Sentinel poisoning has particularly acute and negative impacts on local vulture populations, and unchecked, will “likely cause spatially explicit local extinction of white-backed vultures in the Kruger National Park in less than 60 years”.
Human-wildlife conflict also drives vulture killings.
“Livestock owners may illegally lace fruit, meat, animal carcasses and waterholes with poison such as highly toxic pesticides to kill animals such as lion, cheetahs, or black-backed jackal in retaliation or to prevent depredation.”
Belief-based use contributes to almost 30% of vulture deaths across the continent.
“Many species of birds and their body parts are harvested for market trade; the birds are often killed directly with poisons or collected as a by-product of poisoning events…
“It has been reported there are an estimated 59000 vulture-part consumption events in South Africa each year, involving an estimated 1250 hunters, traders and healers,” reveals the paper.
“As with human-wildlife conflict, the indiscriminate risks from chemicals used to kill vultures for belief-based use have substantial health implications because traders, healers and end users of vulture parts may come into contact with poisons.”
Ripple Effects Pose Increased Risks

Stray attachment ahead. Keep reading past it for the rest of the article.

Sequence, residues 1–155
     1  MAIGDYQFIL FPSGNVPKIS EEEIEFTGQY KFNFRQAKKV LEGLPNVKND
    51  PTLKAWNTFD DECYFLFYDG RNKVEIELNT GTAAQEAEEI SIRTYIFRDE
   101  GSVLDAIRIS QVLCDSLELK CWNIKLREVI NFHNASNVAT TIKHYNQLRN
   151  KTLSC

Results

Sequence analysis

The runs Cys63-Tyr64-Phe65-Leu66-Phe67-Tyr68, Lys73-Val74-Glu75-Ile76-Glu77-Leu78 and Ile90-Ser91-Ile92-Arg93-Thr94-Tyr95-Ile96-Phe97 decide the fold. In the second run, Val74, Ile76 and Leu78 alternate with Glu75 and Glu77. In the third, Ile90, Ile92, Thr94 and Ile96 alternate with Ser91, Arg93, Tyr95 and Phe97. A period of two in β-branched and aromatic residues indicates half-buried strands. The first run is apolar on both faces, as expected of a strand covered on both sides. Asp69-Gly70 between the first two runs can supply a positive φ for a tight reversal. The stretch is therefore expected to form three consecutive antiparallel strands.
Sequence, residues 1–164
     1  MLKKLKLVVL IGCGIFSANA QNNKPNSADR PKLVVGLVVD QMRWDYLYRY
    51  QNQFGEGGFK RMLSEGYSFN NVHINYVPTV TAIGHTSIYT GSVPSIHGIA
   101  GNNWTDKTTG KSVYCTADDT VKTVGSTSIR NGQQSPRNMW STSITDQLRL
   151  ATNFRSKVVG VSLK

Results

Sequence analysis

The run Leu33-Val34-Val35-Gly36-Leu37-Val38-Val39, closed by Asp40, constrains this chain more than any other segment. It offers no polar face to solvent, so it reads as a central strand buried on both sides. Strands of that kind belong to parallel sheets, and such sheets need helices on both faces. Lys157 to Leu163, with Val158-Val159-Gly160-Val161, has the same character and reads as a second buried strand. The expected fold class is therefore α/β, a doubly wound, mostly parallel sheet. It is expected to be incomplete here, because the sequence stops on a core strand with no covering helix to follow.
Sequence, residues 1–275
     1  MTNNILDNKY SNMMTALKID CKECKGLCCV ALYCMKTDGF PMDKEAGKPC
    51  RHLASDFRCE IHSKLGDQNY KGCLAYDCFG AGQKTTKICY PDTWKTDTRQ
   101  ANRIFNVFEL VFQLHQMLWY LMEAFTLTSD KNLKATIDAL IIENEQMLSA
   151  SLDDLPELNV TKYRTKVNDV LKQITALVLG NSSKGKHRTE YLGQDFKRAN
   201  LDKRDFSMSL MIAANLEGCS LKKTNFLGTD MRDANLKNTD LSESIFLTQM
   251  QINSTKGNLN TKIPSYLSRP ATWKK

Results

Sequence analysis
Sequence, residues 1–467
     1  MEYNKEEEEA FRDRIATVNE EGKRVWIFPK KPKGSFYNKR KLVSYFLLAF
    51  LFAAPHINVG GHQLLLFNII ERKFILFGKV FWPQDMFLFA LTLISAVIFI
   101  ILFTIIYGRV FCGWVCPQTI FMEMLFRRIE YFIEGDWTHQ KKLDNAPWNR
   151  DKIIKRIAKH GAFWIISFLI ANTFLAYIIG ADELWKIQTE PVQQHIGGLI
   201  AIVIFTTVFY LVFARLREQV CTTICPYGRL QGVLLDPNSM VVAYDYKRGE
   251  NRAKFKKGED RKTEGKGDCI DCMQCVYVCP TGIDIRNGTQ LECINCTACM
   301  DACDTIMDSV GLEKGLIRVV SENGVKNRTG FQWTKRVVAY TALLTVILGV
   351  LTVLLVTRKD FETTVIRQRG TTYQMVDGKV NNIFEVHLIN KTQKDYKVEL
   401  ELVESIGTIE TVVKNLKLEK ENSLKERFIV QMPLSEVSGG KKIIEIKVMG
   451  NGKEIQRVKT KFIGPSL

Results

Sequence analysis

The team of researchers do not explicitly advocate for the criminalisation of those involved in vulture poisoning, nor necessarily for increased law enforcement activities, “as this may be detrimental to rural populations who are dependent on bushmeat.
“However, the ripple effects present in the socio-ecological system within which vultures reside pose increased risks to human populations due to the potential proliferation of disease and other outcomes resulting from the removal of these efficient scavengers.
“Regulations exist to control risks associated with poison, yet violations of the law persist. Such non-compliance undermines conservation activities, designed to conserve vultures and other wildlife species, and support for sustainable rural livelihoods such as avitourism or building wildlife economies.”
Strategies to prevent vulture poisoning in the GLTFCA include banning chemical sales in small quantities in human population areas close to park boundaries or transnational borders; leveraging local communities as guardians in communal conservancies and effective compensation and benefit sharing from the wildlife economy in farm and ranching communities.